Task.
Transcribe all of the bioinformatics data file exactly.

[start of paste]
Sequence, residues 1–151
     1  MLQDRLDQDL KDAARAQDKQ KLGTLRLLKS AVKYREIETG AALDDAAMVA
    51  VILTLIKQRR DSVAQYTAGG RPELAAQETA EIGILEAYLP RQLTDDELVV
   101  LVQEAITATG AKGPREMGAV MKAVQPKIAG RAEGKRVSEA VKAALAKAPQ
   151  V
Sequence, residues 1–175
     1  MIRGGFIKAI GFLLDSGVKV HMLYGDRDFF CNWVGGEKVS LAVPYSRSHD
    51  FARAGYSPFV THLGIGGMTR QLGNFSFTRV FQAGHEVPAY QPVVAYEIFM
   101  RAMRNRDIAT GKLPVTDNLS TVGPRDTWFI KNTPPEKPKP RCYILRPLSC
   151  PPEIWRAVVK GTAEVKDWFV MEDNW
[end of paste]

Sequence, residues 1–151
     1  MLQDRLDQDL KDAARAQDKQ KLGTLRLLKS AVKYREIETG AALDDAAMVA
    51  VILTLIKQRR DSVAQYTAGG RPELAAQETA EIGILEAYLP RQLTDDELVV
   101  LVQEAITATG AKGPREMGAV MKAVQPKIAG RAEGKRVSEA VKAALAKAPQ
   151  V
Sequence, residues 1–175
     1  MIRGGFIKAI GFLLDSGVKV HMLYGDRDFF CNWVGGEKVS LAVPYSRSHD
    51  FARAGYSPFV THLGIGGMTR QLGNFSFTRV FQAGHEVPAY QPVVAYEIFM
   101  RAMRNRDIAT GKLPVTDNLS TVGPRDTWFI KNTPPEKPKP RCYILRPLSC
   151  PPEIWRAVVK GTAEVKDWFV MEDNW